During the 1982-1983 season, Thinnes appeared as Nick Hogan in 35 episodes of Falcon Crest. He later played Roger Collins in the 1991 revival of TV's Dark Shadows. He appeared on One Life to Live as Alex Crown from 1984–85, and as Sloan Carpenter from 1992-95. He also played a lead role in "The Final Chapter," the first episode of the 1977 series Quinn Martin's Tales of the Unexpected (known in the United Kingdom as Twist in the Tale), and in "The Crystal Scarab", a first-season episode of Poltergeist: The Legacy in 1996. Thinnes was once considered by Paramount for the part of Captain Jean-Luc Picard in Star Trek: The Next Generation.

He appeared in the 1988 pilot episode of Law & Order, "Everybody's Favorite Bagman", as District Attorney Alfred Wentworth. By the time the show was picked up in 1990, however, Thinnes was contractually obligated to another TV series (NBC's remake of Dark Shadows), and so his character was replaced with D.A. Adam Schiff, played by Steven Hill. Thinnes made two appearances in The X-Files as Jeremiah Smith, an alien rebel with healing and shape-shifting abilities.

Twice Thinnes appeared on the ABC soap opera One Life to Live playing two different characters. From 1984-1985, he played the role of "Alex Crown" and from 1992–1995, he played the role of "Gen. Sloan Carpenter". During both of his stints on the show, his characters became a father-in-law to the same character, Cassie Callison.

In 2005, Thinnes co-starred as Dr. Theophile Peyron in the movie The Eyes of Van Gogh about Vincent van Gogh (played by Alexander Barnett, who also wrote and directed) and his voluntary stay in an insane asylum. The movie focuses on Van Gogh's relationships with Dr. Peyron, as well as fellow Expressionist Paul Gauguin, and his brother, Theo.

The New York Times reviewed a 2002 play in which Thinnes had a major role.

Biography

Thinnes was born in Chicago of German descent. After serving in the military as a military policeman, he relocated to California and attended Los Angeles City College.

He was married to actress Lynn Loring from 1967 to 1984. Loring gave birth to their son Christopher Dylan Thinnes on Feb. 12 1969, and in 1974 gave birth to their daughter Casey Thinnes.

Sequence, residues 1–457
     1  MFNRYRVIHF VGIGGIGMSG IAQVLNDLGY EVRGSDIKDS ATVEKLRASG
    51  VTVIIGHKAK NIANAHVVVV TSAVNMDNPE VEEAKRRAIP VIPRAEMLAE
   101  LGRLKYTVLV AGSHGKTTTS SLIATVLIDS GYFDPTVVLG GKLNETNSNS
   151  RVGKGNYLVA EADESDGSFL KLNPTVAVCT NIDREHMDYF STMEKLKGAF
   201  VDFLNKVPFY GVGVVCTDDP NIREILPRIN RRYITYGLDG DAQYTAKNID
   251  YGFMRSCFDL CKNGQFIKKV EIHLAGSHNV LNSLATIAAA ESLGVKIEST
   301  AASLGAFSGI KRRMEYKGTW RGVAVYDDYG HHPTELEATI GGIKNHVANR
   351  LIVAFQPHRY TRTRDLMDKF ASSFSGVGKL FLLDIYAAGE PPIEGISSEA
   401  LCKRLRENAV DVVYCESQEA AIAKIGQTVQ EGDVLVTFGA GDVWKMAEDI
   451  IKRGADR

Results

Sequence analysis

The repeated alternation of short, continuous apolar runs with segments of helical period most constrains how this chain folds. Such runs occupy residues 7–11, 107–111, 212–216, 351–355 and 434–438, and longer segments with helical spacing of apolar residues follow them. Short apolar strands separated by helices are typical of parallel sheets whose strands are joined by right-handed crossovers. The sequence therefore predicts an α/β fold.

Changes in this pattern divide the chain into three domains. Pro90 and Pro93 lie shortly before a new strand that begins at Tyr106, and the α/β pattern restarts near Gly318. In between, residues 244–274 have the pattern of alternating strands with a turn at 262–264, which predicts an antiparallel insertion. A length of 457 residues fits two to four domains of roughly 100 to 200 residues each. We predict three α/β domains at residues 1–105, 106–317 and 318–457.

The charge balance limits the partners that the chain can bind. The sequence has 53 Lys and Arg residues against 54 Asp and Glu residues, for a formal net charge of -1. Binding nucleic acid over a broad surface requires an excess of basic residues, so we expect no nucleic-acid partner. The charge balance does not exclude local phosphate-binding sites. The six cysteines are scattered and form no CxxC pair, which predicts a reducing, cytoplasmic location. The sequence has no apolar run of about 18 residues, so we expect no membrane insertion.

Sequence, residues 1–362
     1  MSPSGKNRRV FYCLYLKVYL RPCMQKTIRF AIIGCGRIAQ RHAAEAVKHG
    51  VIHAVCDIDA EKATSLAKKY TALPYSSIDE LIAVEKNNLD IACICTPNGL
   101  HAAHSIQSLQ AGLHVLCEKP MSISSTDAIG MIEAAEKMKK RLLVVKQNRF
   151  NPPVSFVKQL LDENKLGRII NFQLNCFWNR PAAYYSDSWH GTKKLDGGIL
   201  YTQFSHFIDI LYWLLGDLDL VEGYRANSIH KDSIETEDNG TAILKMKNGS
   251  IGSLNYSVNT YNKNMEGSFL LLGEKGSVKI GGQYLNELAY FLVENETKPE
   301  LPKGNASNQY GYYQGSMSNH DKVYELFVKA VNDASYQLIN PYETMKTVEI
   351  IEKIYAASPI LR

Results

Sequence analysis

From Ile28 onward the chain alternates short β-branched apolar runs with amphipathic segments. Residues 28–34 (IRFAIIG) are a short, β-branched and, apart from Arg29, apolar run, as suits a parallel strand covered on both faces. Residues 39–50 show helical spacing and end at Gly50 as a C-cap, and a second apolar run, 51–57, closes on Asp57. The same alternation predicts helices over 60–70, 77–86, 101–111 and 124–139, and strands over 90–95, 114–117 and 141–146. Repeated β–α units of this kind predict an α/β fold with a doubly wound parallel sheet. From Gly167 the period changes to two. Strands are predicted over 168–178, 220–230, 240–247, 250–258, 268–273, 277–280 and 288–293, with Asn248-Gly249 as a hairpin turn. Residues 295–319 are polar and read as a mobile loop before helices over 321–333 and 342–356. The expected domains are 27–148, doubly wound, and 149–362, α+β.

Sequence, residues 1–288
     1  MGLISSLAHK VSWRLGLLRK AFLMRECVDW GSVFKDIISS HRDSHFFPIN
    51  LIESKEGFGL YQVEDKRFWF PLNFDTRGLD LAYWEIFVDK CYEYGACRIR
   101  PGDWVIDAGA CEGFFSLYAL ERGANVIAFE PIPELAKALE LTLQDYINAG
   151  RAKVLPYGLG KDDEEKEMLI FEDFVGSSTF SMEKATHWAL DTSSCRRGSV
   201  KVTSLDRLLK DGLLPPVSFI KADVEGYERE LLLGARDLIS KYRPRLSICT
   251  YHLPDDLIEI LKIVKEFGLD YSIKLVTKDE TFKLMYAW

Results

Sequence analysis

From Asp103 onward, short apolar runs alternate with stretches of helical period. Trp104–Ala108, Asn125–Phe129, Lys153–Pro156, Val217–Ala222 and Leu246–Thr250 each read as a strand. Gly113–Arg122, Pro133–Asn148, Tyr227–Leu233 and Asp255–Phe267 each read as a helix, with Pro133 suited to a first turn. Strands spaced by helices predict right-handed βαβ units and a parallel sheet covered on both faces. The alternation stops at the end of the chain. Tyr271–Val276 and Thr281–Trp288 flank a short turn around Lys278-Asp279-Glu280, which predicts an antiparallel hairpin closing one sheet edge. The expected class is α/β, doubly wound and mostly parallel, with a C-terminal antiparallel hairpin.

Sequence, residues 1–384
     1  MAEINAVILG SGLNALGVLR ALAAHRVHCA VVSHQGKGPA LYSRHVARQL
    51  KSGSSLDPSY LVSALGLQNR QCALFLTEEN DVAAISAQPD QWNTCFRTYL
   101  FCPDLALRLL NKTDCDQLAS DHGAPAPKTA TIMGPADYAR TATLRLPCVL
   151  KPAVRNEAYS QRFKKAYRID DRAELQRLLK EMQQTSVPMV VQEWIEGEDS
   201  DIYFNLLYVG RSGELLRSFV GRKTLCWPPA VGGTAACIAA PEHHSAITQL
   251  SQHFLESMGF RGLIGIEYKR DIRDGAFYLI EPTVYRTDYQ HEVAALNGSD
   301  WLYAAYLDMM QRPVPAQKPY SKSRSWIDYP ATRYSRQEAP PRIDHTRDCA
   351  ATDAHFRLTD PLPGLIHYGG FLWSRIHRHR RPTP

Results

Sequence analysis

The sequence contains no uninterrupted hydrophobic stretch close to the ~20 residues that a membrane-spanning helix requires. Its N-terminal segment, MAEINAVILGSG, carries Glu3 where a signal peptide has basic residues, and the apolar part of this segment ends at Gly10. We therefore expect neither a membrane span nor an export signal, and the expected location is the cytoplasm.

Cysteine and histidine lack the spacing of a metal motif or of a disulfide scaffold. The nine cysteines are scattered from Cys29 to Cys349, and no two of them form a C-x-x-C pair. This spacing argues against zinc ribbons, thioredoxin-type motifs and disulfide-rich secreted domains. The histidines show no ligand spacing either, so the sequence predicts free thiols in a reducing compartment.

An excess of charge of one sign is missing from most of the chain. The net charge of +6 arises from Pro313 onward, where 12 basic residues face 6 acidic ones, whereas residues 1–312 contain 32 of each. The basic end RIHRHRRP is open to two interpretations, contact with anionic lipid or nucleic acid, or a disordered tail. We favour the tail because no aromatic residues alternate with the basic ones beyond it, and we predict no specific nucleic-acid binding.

Thinnes's third wife, actress Catherine Smythe, is the mother of two of his five children.

In 2005, Thinnes married film editor Stephanie Batailler.

The contents of this page are sourced from Wikipedia article on 13 Apr 2020. The contents are available under the CC BY-SA 4.0 license.
comments so far.
Comments
Reference sources
References
https://www.nytimes.com/1969/11/12/archives/journey-to-far-side-of-sun-opens.html
http://www.classictvhistory.com/EpisodeGuides/invaders.html
https://www.imdb.com/name/nm0858186/
https://www.latimes.com/archives/la-xpm-1995-11-12-tv-2050-story.html
https://www.washingtonpost.com/express/wp/2008/06/12/theyre_on_your_tv_the_invaders/?noredirect=on
https://www.nytimes.com/1970/09/07/archives/tv-will-drip-social-significance-new-seasons-shows-to-be-relevant.html
https://www.lovingtheclassics.com/pdmovies/the-manhunter-1972-dvd-r.html
https://www.bfi.org.uk/films-tv-people/4ce2b73f935e2
https://www.nytimes.com/1976/07/24/archives/television.html
http://therapsheet.blogspot.com/2016/03/hunting-down-manhunter.html
https://www.imdb.com/title/tt0074512/trivia?tr=tr0719437
https://www.nytimes.com/1979/02/14/archives/tv-new-here-to-eternity-on-nbc.html
http://www.lettersofnote.com/2010/08/star-trekcasting.html
https://www.nytimes.com/2002/09/10/theater/theater-review-of-mice-and-men-and-the-apocalypse.html
https://news.google.com/newspapers?nid=1350&dat=19690212&id=L8kwAAAAIBAJ&sjid=pQEEAAAAIBAJ&pg=4392,799657
https://www.orlandosentinel.com/news/os-xpm-1997-03-09-9703052369-story.html
http://www.soapoperaworld.com/abc-soaps-depth-tyler-christopher-alicia-minshew.html
https://www.nytimes.com/1981/05/22/arts/tv-weekend-further-scruples-art-and-a-bet-on-humanity.html
https://www.nytimes.com/1987/08/19/arts/tv-review-first-and-10-hbo-football-sitcom.html
arrow-left arrow-right arrow-up arrow-down instagram whatsapp myspace quora soundcloud spotify tumblr vk website youtube stumbleupon comments comments pandora gplay iheart tunein pandora gplay iheart tunein itunes